• Phase describes relationship between two signals or components of a signal in time

  • Measured in degrees

    • 360 degrees in one complete cycle

  • Voltage & Current

    • When voltage & current are aligned in time = in phase

    • When voltage lags current or vice versa, circuit is out of phase

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Phase1

V+

0V

time

V-

One Cycle

Phase

90 Degrees

180 Degrees

0 Degrees

360 Degrees

270 Degrees

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The radio spectrum

The Radio Spectrum

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Radio signals fundamentals

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Wavelength

Wavelength

  • Distance that a wave travels in one complete cycle

  • Represented by the Greek letter λ (lambda)

  • Radio waves travel at the speed of light (300,000,000 mps) (c)

  • Wavelength (in meters) = c/f in hertz or 300,000,000/f(Hz)

  • Truncated, this means that λ = 300/f (in MHz)

  • In practice, 300 / 50 Mhz = 6 meters

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Wavelength1

Wavelength

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Wavelength formula

300

Freq (MHz)

Wavelength (λ) Formula

To convert from frequency to wavelength:

Wavelength (λ) =

(In Meters)

Wavelength and Frequency are Inversely Proportional. As one goes up, the other must go down.

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The relationship of frequency and wavelength

V+

0V

time

V-

One Wavelength (Distance)

One Cycle (Time)

The Relationship of Frequency and Wavelength

The distance a radio wave travels in one cycle is called wavelength.

distance

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Radio signals fundamentals1

Radio & Signals Fundamentals

2.2 - Modulation


Modulation demodulation

Modulation & Demodulation

  • A transmitter performs two major functions

    • Generates radio waves

    • Adds intelligence to the signal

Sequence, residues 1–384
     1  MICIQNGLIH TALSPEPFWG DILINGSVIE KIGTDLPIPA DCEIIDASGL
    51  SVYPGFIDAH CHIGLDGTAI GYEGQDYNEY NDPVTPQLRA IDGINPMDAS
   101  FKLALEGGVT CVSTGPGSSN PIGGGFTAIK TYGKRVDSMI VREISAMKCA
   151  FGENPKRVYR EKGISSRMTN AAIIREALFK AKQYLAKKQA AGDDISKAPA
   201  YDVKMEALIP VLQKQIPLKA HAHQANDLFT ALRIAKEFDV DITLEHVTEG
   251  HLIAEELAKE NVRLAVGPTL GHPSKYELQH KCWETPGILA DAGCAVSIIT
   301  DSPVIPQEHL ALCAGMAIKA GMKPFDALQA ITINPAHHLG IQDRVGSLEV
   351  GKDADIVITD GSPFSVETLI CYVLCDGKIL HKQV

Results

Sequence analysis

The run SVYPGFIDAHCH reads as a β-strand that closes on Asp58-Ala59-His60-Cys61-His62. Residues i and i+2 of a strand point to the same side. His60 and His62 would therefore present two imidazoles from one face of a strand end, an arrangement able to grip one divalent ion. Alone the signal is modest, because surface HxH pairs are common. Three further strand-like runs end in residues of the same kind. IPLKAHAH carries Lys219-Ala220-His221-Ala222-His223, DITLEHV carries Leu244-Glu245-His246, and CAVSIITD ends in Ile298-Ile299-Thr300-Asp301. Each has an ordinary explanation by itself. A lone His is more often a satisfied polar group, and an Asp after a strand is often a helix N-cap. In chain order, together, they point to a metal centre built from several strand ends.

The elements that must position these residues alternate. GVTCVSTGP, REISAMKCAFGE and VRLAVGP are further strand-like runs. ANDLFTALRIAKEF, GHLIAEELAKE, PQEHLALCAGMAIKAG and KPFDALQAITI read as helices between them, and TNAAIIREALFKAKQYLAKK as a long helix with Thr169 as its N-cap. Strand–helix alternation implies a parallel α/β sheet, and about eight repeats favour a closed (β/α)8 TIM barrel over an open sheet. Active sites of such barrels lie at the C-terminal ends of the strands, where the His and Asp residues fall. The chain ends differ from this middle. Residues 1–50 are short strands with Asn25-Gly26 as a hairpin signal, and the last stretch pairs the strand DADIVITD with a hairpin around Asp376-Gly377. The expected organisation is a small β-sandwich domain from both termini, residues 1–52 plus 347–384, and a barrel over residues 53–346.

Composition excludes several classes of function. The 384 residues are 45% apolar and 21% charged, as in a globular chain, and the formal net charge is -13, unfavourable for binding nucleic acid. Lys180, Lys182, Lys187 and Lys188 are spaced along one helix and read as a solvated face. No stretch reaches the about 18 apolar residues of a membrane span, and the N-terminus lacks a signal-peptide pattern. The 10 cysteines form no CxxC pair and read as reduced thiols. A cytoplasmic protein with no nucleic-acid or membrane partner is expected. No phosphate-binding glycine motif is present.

• Process of adding intelligence is modulation

  • A receiver performs two major functions

    • Receives radio waves

    • Extracts the intelligence from the RF signal

    • Process of extracting the intelligence is demodulation

  • An RF signal that carries no intelligence is unmodulated

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Basic modes

Basic Modes

  • Simplest RF signal is a continuous wave, abbreviated CW

    • One frequency, transmitter is on all the time, strength never changes

  • Combination of modulation method and information type is the communication mode

  • Simplest mode is a continuous wave turned on and off in some pattern, such as Morse code, or radiotelegraphy

  • Digital or data mode uses binary data to modulate the signal

  • Analog modes use information understood by humans such as voice

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Modulation methods

Modulation Methods

  • Modulation can occur in three ways by changing either the:

    • Amplitude of the signal

      • Amplitude Modulation (AM)

    • Frequency of the signal

      • Frequency Modulation (FM)

    • Phase of the signal

      • Phase Modulation (PM)

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Simple modulation

Simple Modulation

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Amplitude modulation

Amplitude Modulation

An unmodulated RF

carrier wave

A carrier wave AM

modulated with a

simple audio tone

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Am and ssb

AM and SSB

An unmodulated RF

carrier requires narrow

bandwidth

Modulation of the carrier

creates sidebands. This

requires more bandwidth.